> > > Has anyone in this august group seen something
> similar? Do the design
> > > effects suggest a tribal group? I've racked my
> brain but remain
> > > uncertain - Yaka? Songye?.
> > >
> > > Bill Waites
> > >
> > >
> > >
> > From: Lee Rubinstein <LeeRubinstein@... >
> To: African_Arts@yahoogroups.com
> Subject: Re: [African_Arts] A Congo mystery
> Date: Wed, 2 Jan 2008 19:22:55 +0000
I can't really determine any remotely clear
attribution or identity for the plaque that you
presented. The overlap and apparent
inter-relationship of masks in the Kasai region and
surrounding areas make attribution exceedingly
complicated and difficult to conclude decisively. You
might, however, find some confusing yet productive
directions in a couple of excerpts from Marc Leo
Felix's Beauty and the Beasts:
The first is confusing both in sentence structures and
the range of references but as such it does represent
well the complexity: "A strange Kifwebeoid mask from
an old Dutch collection probably... comes from the
area situated between the Kalundwe, Kanyok, Luba Kasai
and other south-western Songye, [sic] it has horns
curving both up and downwards, these are decorated
with large black and white bands, this mask was carved
by a Chokwe! The artist was probably commissioned to
carve Kifwebe-style mask by a local association, he
even introduced the straight, bulging brow of the
Lunda world Katoyo (outsider) character, this mask was
never used, it was probably rejected because the
leaders of the association did not recognize the
mask's style as being theirs and the icons did not
match what their tradition requested." (p.57) Horned
masks in various styles -- and theorized to represent
a variety of animals --seemingly abound in this
general area; the absorption and transformation of
aesthetic forms via the complex social interactions in
the area make it a conundrum indeed to sort the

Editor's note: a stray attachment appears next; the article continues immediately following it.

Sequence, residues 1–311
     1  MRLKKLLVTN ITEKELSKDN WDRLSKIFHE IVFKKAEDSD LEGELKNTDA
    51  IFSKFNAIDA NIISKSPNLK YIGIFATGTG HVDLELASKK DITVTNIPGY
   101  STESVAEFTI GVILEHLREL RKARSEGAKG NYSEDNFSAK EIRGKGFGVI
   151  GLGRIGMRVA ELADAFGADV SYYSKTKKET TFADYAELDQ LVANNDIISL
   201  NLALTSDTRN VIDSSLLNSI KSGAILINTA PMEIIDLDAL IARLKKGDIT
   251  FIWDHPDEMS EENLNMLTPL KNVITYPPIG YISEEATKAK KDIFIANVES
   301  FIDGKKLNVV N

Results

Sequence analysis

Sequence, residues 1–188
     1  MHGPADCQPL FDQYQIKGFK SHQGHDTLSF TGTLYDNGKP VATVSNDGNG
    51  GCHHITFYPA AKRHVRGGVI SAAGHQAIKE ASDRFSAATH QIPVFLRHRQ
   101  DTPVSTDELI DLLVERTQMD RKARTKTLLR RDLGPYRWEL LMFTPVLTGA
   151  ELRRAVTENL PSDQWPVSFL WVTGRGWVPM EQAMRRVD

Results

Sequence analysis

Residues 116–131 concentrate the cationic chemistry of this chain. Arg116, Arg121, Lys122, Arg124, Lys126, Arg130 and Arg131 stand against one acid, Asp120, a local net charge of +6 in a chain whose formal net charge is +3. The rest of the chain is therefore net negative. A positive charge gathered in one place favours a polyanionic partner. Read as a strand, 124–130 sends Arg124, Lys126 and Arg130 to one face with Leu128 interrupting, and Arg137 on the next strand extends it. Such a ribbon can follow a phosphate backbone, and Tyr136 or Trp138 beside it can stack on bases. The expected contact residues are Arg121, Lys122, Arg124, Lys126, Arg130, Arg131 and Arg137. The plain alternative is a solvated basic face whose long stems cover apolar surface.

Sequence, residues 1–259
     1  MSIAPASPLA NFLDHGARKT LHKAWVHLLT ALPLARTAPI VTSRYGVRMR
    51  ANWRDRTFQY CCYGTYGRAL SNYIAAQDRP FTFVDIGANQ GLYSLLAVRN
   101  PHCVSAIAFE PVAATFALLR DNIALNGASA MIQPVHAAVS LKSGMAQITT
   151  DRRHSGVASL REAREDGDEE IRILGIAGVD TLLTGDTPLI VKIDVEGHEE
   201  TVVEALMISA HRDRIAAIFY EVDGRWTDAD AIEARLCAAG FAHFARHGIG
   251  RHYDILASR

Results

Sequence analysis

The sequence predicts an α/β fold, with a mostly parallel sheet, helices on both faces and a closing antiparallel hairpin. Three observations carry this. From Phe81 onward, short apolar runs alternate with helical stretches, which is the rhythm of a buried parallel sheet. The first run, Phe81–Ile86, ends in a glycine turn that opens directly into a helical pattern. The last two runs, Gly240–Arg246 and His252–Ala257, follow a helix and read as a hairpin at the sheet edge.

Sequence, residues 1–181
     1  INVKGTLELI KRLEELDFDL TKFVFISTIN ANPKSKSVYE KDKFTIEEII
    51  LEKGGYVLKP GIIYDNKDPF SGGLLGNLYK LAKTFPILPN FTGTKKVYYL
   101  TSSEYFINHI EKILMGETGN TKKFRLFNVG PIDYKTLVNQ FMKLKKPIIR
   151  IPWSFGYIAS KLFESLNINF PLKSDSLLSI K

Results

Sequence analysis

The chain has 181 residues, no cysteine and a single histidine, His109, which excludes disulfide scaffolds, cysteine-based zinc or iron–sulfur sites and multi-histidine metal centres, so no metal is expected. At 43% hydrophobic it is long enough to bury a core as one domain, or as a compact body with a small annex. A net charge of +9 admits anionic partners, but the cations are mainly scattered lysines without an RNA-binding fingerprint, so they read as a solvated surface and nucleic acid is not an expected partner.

determining factors on which to base an attribution or
range of plausible influences...
Another somewhat but perhaps less broad and open-ended
suggestion refers to the existence of "plankmasks" in
the region: "In the... Western Luba area [eastern
part of Kasai] we... find Kifwebe-shaped masks affixed
to a large plaque. This plaque is usually decorated
with stripes, or geometric motifs. These
plankmasks... might not in fact be Bifwebe but rather
belong to a different type of masks called Kalengula
used by a different association. They are
typologically related to the somewhat striped
plankmasks ascribed to the northern Kete and other
Kasai masks affixed to plaques." (p. 59).
Perhaps some of the geographic, cultural and formal
elements mentioned will spark a promising direction
for clearer understanding.
On Jan 2, 2008, at 1:24 PM, William Waites wrote:
Any help will be appreciated.
I have posted photos in the photos section in an album
of a plank mask we acquired in 1994 from an African
dealer who attributed it to the Congo. It is slightly
convex, 12" high
x 6" wide x 2 1/2 deep". Red seeds are embedded in the
Has anyone in this august group seen something
similar? Do the design
effects suggest a tribal group? I've racked my brain
uncertain - Yaka? Songye?.